Growing up with a solid foundation of values is central to living a good life. As you think about the time spent in the barn or at a show, it is easy to identify the core values you learn. Raising livestock gives you a reason and purpose for waking up every morning. Through hours of preparation, one can learn the true value of hard work and dedicating yourself to your goals. Patience is gained through working with siblings or others involved in the industry and understanding that you can’t bring about change in a day. The one-on-one time caring for livestock teaches each of us to be compassionate for another life other than our own. This compassion stems from a respect we learn to have for animals and an understanding of all the ways they provide for us in all facets of their life. The respect we have for their life influences our decision to provide the highest quality care and means of living. Relationships that we build with both our animals and others helps us to mature and establish connections with others. There’s no question the list of values you learn in the barn may vary slightly, but the common denominator they all share is their essential purpose to bringing structure to life.


You have more than likely heard someone say the best part of this industry is the people. The relationships formed showing livestock is most likely the greatest asset we will gain. Friendships are forged out of common interests and competition in the ring. Role models quickly surface in your life as individuals invest their time into helping you achieve your goals. Families draw closer together as they work alongside one another every day. The relationships we create with people through showing livestock don’t just last during our time in the ring; those relationships last for life.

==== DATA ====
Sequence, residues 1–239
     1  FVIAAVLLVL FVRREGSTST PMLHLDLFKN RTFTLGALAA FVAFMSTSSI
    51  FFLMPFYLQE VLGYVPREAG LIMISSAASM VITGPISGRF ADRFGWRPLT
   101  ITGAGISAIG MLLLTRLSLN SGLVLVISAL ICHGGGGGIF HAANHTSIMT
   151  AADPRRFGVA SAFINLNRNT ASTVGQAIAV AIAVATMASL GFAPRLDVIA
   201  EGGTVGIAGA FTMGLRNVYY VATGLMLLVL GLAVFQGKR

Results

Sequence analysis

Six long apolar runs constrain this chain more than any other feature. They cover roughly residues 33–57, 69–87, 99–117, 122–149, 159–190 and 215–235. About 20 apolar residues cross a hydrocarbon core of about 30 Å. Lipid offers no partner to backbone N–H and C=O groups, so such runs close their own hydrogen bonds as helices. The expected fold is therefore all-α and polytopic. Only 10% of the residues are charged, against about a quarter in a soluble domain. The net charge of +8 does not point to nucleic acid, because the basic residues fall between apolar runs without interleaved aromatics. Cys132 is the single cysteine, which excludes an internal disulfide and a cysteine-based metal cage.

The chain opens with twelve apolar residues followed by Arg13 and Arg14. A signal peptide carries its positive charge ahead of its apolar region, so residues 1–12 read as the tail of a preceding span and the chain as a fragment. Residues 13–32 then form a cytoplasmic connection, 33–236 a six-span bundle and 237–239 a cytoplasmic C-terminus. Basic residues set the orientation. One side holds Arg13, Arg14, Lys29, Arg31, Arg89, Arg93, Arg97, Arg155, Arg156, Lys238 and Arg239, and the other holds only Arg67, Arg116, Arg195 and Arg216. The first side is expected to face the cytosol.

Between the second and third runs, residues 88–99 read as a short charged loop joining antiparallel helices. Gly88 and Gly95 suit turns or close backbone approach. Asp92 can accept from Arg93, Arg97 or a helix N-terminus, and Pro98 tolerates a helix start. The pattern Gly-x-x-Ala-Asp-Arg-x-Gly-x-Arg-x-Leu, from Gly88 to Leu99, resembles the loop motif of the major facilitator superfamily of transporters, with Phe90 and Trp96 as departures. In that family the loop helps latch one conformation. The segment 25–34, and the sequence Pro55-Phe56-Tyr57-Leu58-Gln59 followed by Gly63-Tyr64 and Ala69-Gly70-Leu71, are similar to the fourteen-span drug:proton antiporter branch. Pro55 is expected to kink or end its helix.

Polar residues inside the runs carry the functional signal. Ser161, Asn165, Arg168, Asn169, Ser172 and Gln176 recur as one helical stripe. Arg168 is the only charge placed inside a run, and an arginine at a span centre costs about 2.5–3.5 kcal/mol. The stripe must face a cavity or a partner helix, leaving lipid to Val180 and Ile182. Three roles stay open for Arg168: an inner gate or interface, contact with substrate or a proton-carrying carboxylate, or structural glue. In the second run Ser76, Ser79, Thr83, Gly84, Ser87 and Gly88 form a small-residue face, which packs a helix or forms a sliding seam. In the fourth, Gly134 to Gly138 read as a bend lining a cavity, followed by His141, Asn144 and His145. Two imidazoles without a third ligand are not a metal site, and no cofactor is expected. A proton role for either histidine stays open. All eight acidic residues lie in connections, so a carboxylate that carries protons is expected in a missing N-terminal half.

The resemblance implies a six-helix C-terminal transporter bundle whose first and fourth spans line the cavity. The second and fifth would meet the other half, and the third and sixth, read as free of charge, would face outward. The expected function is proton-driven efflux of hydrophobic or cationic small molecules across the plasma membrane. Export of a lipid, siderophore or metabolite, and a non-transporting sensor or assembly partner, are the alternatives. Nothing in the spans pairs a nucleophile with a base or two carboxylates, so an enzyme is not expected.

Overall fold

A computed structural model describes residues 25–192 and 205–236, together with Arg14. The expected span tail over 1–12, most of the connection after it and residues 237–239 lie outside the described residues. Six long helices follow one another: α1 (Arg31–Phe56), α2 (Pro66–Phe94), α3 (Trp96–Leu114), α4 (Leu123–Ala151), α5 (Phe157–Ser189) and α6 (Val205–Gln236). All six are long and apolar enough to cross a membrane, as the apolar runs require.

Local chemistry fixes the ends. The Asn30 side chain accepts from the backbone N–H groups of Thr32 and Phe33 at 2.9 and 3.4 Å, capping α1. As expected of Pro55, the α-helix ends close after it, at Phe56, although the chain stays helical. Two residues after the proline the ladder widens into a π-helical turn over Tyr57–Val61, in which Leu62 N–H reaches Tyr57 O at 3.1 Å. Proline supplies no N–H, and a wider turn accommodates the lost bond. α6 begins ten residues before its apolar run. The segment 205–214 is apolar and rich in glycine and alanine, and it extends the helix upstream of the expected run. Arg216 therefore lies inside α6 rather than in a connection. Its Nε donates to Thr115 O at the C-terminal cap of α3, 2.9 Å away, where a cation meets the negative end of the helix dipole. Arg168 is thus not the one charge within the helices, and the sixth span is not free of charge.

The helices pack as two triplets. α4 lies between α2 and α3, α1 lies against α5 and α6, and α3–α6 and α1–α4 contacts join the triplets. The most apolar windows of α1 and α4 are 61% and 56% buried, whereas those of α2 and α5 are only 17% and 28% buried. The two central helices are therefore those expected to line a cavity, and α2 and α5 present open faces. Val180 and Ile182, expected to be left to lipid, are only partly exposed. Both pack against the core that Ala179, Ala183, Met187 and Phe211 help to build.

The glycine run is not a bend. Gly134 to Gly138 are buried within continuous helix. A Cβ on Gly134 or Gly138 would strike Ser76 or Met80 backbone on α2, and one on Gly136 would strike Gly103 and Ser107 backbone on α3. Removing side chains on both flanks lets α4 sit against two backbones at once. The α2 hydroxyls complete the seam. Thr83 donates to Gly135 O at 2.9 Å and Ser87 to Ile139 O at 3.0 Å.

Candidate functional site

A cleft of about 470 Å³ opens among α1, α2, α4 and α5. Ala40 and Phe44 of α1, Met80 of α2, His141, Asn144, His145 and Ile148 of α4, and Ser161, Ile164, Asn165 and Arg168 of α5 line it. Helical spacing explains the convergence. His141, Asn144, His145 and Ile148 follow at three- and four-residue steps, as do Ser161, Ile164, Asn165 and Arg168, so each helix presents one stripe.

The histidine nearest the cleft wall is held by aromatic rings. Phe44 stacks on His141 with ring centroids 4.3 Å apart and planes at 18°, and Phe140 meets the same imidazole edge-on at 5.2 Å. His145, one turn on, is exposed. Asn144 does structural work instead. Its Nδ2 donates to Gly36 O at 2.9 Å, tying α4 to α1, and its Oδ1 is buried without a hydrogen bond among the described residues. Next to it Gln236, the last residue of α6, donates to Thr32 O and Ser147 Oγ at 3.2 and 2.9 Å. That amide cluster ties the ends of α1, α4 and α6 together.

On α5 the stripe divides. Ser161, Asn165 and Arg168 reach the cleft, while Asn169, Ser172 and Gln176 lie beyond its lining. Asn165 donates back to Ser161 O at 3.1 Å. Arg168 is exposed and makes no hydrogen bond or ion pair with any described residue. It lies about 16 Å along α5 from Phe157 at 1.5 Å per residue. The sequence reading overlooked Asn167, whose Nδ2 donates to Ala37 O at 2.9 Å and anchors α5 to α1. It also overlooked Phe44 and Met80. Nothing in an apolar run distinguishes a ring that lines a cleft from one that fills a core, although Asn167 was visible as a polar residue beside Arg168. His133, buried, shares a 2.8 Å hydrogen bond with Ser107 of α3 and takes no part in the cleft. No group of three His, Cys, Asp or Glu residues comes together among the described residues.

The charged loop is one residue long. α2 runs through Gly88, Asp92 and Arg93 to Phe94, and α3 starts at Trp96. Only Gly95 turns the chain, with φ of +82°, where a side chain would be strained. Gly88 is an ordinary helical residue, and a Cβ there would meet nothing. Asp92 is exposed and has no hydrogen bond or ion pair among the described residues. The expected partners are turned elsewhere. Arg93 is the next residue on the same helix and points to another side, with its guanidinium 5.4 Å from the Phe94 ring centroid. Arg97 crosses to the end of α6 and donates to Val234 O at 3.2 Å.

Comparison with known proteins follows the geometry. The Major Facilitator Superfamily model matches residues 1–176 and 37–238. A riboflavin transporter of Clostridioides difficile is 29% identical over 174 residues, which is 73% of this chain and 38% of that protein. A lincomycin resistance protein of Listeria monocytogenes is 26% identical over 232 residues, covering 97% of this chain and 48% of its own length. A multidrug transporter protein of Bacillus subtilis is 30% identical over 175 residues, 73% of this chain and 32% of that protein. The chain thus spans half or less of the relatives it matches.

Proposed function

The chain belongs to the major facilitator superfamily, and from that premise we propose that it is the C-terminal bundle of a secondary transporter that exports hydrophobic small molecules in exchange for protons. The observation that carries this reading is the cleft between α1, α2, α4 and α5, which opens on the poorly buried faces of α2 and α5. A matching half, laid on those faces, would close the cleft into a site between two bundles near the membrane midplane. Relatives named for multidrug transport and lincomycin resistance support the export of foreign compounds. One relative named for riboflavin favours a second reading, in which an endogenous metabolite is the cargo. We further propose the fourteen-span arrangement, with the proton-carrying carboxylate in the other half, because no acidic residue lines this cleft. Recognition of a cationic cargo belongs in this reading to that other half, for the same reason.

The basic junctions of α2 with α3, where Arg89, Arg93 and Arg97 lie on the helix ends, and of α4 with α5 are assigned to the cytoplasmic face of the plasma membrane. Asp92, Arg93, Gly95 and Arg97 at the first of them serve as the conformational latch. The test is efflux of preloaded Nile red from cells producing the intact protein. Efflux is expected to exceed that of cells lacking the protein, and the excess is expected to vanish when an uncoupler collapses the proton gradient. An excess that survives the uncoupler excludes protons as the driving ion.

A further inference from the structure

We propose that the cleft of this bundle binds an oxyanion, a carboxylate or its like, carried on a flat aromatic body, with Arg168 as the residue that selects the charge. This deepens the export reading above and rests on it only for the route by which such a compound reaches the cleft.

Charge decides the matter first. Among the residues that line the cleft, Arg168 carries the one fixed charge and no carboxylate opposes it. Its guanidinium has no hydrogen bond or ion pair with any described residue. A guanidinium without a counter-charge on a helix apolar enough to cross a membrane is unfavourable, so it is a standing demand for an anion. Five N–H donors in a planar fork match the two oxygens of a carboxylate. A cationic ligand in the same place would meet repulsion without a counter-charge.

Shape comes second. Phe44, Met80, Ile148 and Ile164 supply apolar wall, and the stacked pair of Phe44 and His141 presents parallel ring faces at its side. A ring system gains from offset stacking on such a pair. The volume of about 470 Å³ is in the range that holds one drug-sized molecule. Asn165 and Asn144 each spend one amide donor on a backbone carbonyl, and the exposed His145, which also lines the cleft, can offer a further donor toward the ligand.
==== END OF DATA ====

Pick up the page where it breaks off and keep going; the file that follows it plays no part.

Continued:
Throughout the daily routines that ensue in the barn, it can be easy to just focus on the instantaneous work that has to get done each day. Our animals require a lot of care to perform at the highest level. However, when you look at everything from a big picture, it is obvious that our care comes full circle. We invest a lot of time into our animals, and they reciprocate the same amount of time in the form of life lessons. While we fill their pans and feed bunks up each day, they fill our hearts with memories, values and lessons that will last a lifetime.